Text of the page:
Indian-American lawmakers lead drive to help detainees access legal counsel

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California Attorney General Kamala Harris speaks at the Center for American Progress' 2014 Making Progress Policy Conference in Washington November 19, 2014. REUTERS/Gary Cameron
California Attorney General Kamala Harris speaks at the Center for American Progress’ 2014 Making Progress Policy Conference in Washington November 19, 2014. REUTERS/Gary Cameron

Indian-American Senator Kamala D. Harris, D-California, a member of the Senate Committee on Homeland Security & Governmental Affairs, introduced her first piece of legislation Feb. 9, the Access to Counsel Act, that would guarantee those detained while attempting to enter the United States, access to legal counsel. It is doubtful this bill would be passed in a Republican-majority Senate. She was joined in the House of Representatives by Rep. Pramila Jayapal, D-Washington, who introduced companion legislation.

Harris said the reports of refugees, Green Card holders, and even U.S. citizens—many of whom women, elderly, or children— held for long periods of time, and denied access to volunteer lawyers, spurred her to introduce her first piece of legislation since she took office early january.

Despite temporary restraining orders against holding Legal Permanent Residents, accounts of protracted holding at ports of entry still came in, even after the reversal in the agencies’ policies, Harris said.

The first Indian-American Senator in the history of the country, Harris was joined by several other Democratic Senators as co-sponsors. The Access to Counsel Act has received support from nearly 40 leading organizations from the international, faith, Asian, Latino, Muslim, Jewish, and immigrant rights communities such as Amnesty International USA, Bet Tzedek, Church World Services, Council on American-Islamic Relations, Kids in Need of Defense, National Council of La Raza, National Immigrant Justice Center, South Asian Americans Leading Together, the Coaltion for Humane Immigrant Rights Los Angeles, J Street, and the U.S. Committee for Refugees and Immigrants.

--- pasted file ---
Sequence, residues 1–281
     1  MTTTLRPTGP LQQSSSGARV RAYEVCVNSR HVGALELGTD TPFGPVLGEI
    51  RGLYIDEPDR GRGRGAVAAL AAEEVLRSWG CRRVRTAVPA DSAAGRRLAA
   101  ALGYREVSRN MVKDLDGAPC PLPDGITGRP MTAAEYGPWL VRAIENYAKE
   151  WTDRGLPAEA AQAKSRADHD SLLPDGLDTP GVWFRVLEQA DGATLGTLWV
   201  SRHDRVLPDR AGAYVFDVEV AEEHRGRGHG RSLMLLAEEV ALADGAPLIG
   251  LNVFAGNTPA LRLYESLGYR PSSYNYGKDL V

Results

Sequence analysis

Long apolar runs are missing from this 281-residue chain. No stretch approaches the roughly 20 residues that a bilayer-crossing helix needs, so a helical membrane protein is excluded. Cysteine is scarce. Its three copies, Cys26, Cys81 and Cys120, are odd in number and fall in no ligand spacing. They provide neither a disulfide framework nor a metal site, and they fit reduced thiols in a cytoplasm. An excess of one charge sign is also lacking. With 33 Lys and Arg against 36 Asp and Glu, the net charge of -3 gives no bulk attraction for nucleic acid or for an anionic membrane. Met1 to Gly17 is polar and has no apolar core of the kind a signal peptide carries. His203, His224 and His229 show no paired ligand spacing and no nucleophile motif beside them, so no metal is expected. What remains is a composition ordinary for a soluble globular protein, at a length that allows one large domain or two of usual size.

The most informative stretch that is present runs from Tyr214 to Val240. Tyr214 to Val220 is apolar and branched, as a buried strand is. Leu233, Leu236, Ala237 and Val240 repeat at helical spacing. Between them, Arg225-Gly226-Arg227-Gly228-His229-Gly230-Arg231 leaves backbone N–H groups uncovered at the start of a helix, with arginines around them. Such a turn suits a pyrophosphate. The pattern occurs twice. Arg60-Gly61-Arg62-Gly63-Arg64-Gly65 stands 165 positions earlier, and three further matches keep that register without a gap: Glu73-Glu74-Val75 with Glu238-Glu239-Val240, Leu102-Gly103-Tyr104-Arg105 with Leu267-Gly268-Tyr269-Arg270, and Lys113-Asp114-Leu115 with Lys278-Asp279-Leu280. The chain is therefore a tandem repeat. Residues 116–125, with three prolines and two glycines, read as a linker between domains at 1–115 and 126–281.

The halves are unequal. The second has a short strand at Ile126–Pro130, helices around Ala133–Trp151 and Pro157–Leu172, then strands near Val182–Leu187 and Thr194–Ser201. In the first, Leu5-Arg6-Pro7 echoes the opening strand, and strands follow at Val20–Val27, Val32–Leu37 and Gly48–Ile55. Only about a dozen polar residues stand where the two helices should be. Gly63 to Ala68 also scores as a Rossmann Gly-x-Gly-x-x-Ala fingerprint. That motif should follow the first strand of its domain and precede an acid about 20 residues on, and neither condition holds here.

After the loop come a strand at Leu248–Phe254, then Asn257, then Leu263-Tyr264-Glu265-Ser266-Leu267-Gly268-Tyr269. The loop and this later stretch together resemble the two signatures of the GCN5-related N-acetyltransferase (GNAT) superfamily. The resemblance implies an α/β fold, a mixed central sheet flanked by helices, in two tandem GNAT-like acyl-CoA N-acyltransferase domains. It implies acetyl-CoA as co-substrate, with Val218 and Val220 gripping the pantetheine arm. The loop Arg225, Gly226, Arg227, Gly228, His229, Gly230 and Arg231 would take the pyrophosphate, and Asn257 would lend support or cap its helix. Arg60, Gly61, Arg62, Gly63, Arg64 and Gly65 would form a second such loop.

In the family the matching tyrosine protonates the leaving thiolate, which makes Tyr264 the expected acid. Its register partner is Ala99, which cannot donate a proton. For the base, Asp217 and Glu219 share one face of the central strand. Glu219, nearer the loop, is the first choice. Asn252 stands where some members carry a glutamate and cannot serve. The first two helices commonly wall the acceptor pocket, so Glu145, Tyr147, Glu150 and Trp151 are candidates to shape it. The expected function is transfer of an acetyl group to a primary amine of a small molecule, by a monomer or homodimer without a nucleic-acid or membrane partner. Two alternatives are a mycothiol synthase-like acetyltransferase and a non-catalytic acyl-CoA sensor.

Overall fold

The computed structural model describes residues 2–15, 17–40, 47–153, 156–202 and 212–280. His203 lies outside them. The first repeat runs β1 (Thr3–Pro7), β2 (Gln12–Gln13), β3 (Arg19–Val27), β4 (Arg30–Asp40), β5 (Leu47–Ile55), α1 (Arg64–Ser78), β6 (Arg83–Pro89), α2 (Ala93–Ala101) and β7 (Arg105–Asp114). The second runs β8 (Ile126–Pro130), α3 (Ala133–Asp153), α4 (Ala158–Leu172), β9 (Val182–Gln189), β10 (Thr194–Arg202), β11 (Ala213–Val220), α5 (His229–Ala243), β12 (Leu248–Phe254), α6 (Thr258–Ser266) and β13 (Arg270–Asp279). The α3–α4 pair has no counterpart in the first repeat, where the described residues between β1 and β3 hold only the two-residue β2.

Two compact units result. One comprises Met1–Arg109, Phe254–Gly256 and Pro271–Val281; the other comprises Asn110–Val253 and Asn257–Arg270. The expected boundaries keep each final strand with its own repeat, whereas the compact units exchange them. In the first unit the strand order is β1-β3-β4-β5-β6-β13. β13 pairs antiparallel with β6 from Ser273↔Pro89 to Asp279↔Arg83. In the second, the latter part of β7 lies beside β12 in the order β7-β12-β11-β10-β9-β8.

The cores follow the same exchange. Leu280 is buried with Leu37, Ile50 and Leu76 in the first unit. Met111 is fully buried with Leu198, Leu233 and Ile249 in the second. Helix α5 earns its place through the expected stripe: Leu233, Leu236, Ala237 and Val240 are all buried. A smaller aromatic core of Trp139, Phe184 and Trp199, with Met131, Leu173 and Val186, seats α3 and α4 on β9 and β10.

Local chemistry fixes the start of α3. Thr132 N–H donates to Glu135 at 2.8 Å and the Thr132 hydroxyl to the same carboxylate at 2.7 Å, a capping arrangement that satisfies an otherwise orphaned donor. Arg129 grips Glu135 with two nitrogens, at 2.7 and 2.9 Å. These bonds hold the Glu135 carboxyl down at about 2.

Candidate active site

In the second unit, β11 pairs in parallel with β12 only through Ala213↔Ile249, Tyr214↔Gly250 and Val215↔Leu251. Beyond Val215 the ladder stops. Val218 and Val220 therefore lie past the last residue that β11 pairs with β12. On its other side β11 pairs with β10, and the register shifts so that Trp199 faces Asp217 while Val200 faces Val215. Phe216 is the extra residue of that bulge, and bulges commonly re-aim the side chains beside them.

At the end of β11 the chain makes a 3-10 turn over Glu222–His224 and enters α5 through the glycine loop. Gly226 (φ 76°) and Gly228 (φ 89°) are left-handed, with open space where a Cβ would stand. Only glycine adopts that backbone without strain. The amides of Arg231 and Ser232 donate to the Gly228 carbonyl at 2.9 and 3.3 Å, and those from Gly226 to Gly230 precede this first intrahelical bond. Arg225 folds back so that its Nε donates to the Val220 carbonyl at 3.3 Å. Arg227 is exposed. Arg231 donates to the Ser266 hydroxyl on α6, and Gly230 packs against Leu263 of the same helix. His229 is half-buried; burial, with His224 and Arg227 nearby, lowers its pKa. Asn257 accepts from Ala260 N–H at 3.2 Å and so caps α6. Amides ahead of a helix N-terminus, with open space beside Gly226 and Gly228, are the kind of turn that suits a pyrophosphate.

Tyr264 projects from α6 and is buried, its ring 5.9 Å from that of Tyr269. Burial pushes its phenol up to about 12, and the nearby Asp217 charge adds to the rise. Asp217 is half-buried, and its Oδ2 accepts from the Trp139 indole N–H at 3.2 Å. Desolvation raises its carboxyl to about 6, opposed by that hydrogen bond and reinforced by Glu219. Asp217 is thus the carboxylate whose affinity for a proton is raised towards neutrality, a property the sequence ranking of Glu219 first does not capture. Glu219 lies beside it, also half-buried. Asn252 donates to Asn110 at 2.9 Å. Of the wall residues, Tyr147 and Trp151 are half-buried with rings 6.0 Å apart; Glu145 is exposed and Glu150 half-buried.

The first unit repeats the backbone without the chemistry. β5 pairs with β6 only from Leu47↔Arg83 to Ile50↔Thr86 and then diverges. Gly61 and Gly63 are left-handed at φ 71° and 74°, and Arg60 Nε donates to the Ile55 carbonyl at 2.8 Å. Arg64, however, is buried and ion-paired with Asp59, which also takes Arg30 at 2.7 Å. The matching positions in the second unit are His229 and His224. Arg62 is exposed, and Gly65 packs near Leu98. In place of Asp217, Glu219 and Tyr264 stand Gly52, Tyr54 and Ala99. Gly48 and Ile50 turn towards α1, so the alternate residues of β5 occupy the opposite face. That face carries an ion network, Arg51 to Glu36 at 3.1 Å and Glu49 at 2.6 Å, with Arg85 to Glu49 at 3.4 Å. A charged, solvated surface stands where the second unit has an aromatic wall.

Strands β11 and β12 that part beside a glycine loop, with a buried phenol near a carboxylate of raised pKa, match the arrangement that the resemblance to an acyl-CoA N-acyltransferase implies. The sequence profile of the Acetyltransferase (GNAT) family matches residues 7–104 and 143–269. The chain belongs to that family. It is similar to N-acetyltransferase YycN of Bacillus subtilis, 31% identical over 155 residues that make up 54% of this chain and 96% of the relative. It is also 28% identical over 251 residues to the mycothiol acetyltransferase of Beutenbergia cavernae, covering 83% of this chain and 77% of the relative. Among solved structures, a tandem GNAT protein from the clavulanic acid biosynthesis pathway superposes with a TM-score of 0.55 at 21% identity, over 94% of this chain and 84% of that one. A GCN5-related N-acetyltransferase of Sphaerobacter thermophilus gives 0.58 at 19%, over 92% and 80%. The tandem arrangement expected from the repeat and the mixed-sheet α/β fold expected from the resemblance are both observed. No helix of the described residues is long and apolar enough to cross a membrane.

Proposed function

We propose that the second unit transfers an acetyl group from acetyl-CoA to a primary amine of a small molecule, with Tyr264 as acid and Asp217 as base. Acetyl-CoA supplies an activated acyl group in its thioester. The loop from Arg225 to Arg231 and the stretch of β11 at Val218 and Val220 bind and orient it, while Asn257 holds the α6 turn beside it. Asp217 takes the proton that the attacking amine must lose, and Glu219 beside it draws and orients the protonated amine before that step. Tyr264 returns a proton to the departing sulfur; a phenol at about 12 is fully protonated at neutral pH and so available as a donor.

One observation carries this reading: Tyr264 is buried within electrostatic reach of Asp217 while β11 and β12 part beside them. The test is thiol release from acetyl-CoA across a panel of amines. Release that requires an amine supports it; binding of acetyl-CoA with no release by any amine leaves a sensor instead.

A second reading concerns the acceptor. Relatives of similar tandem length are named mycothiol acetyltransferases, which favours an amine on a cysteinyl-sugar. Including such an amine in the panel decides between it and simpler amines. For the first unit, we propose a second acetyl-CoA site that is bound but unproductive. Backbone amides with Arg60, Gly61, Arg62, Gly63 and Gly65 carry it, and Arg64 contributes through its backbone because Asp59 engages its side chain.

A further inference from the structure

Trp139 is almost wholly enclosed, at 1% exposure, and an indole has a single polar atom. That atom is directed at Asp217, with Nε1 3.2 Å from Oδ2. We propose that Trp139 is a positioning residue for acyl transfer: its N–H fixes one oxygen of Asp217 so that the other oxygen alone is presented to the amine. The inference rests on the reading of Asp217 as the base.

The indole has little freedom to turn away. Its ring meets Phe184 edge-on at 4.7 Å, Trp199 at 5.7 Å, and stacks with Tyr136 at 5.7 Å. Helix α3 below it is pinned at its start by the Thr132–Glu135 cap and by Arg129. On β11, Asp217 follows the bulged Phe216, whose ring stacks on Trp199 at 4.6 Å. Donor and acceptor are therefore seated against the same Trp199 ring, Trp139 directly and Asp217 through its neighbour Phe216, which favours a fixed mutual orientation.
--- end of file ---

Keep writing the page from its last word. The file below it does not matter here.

Calling it a “fundamental right,” to have counsel, Harris said, “Detention without access to representation goes against the basic values of our judicial system.”

Pramila Jayapal
Rep. Pramila Jayapal, D-Washington

“Refugees, immigrants, students, and tourists all deserve to be able to access their lawyer in legal proceedings that could change the course of their lives, whether they enter the country at an airport or come across the border,” said Harris, adding, “Interactions with immigration enforcement officials are often confusing and disorienting and no one should be exploited because of their lack of knowledge of our legal system.”

Rep. Jayapal’s companion legislation was co-signed in the U.S. House of Representatives by Reps. John Conyers, D-Michigan, Zoe Lofgren, D-California, Jerrold Nadler, D- New York,  Sheila Jackson-Lee, D-Texas, Luis Gutierrez, D-Illinois, Judy Chu, D-Ca., Hakeem Jeffries, D-New York, Eric Swalwell, D-Cal., Lucille Roybal-Allard, D-Cal., and Michelle Lujan Grisham, D-New Mexico.

 

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